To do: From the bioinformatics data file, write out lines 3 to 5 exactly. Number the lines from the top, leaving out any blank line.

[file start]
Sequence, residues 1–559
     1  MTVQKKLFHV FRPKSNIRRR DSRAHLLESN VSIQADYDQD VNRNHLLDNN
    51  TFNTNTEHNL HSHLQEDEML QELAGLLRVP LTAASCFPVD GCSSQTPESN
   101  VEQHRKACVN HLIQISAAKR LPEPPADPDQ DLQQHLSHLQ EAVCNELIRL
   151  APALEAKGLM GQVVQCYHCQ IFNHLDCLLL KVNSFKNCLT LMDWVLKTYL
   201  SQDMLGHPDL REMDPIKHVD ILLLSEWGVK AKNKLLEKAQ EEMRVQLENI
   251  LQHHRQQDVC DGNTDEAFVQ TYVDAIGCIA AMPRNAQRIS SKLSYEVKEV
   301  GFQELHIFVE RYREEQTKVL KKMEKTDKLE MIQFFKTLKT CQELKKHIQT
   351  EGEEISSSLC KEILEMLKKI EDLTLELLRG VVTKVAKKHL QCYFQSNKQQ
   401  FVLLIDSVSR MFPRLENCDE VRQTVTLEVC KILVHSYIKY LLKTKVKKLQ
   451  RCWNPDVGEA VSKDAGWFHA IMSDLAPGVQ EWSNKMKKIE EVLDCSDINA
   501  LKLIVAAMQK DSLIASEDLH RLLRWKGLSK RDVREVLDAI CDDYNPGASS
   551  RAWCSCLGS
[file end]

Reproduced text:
    51  TFNTNTEHNL HSHLQEDEML QELAGLLRVP LTAASCFPVD GCSSQTPESN
   101  VEQHRKACVN HLIQISAAKR LPEPPADPDQ DLQQHLSHLQ EAVCNELIRL
   151  APALEAKGLM GQVVQCYHCQ IFNHLDCLLL KVNSFKNCLT LMDWVLKTYL